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Lady Saltoun of Abernethy moved Amendment No. 32:

Page 3, line 32, leave out ("shall") and insert ("may").

The noble Lady said: I know that this is the same wording as Section 6(1) of the 1959 Act but I wonder why "shall" was chosen instead of "may" in the first place back in 1959. I should have thought that "may" would have been more appropriate. Perhaps it was to make sure that the Deer Commission did not bury its head in the sand and do nothing. Can the noble Earl clarify the position?

The Earl of Lindsay: There is a good reason for "shall". If those with legitimate land use interests are being subject to serious damage by deer predation--I

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stress that deer are wild animals belonging to no one--they do enjoy a right of protection against that serious damage. There should be discretion within the commission in the process leading up to such a decision as to the most appropriate action to take in respect of a problem which is becoming more aggravated. The commission should exercise a discretion in terms of the voluntary agreements open to it and the control orders open to it and, finally, if all else fails and it is an emergency situation, then the marauding power in Section 6 of the 1959 Act is available. There should be discretion up to that point, but once serious damage is being inflicted on other legitimate land use interests, then this power should be activated.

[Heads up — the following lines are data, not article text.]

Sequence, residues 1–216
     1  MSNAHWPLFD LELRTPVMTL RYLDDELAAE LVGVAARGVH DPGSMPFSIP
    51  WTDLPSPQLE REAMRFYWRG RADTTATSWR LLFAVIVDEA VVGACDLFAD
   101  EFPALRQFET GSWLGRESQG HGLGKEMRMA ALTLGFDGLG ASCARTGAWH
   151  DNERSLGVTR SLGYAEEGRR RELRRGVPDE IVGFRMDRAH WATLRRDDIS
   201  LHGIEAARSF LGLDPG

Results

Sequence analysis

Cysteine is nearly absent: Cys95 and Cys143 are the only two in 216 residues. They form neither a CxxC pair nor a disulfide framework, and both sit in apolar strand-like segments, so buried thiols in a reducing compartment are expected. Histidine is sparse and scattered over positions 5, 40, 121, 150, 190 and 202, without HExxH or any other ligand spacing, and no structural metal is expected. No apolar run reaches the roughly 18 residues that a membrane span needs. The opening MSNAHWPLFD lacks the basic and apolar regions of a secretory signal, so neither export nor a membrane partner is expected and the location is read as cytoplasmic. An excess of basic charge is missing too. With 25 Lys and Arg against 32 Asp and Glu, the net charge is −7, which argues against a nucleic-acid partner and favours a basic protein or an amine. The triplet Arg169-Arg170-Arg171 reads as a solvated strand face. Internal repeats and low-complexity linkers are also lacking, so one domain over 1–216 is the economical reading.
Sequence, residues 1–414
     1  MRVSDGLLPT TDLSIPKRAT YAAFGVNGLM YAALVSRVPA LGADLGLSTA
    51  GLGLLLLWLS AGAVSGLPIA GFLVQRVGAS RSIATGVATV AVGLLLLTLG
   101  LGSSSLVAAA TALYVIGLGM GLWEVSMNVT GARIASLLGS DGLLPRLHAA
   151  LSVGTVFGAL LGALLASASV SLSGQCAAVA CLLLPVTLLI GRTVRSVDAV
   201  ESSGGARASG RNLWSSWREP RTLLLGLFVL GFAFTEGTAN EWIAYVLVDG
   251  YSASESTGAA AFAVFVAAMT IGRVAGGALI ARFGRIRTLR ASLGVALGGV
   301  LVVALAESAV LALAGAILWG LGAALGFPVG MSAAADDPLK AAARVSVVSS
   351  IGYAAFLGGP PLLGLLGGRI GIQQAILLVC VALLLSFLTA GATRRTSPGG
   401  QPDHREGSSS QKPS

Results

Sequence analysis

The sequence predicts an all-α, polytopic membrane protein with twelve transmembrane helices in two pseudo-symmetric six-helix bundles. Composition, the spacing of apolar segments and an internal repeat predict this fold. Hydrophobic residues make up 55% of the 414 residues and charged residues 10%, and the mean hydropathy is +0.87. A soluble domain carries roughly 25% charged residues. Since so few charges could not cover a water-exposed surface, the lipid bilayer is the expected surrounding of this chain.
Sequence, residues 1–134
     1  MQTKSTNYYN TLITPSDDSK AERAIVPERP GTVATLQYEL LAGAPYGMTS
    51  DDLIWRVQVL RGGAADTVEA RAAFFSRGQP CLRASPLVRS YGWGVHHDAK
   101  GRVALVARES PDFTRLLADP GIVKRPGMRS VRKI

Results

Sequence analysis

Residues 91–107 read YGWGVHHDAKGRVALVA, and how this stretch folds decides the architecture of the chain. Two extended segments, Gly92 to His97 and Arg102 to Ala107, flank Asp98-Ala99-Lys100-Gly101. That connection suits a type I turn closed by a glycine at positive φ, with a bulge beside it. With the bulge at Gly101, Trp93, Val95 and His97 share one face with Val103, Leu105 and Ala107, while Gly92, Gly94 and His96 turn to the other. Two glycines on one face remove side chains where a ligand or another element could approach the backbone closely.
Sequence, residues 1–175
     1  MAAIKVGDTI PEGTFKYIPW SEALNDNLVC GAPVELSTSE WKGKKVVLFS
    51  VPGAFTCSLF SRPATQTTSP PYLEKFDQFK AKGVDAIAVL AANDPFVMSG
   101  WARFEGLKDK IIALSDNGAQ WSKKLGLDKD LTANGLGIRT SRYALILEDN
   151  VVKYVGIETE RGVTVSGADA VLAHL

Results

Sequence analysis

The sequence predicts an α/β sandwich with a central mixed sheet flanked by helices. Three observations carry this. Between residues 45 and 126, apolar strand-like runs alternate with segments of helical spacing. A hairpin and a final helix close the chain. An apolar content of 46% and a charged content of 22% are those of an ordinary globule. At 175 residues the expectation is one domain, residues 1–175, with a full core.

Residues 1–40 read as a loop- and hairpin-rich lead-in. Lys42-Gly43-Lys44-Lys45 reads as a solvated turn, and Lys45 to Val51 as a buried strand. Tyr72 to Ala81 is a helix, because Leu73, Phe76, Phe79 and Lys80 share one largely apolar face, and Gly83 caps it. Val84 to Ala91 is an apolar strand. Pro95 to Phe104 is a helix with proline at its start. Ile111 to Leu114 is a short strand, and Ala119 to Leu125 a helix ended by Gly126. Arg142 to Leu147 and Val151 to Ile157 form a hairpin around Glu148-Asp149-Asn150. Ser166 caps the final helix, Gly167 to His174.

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Lady Saltoun of Abernethy: I thank the noble Earl for that explanation. I beg leave to withdraw the amendment.

Amendment, by leave, withdrawn.

The Earl of Courtown: I beg to move that the Committee be adjourned until Wednesday next.

Moved accordingly, and, on Question, Motion agreed to.

The Deputy Chairman of Committees (Lord Burnham): The Committee stands adjourned until Wednesday next.

Committee adjourned at three minutes before seven o'clock.

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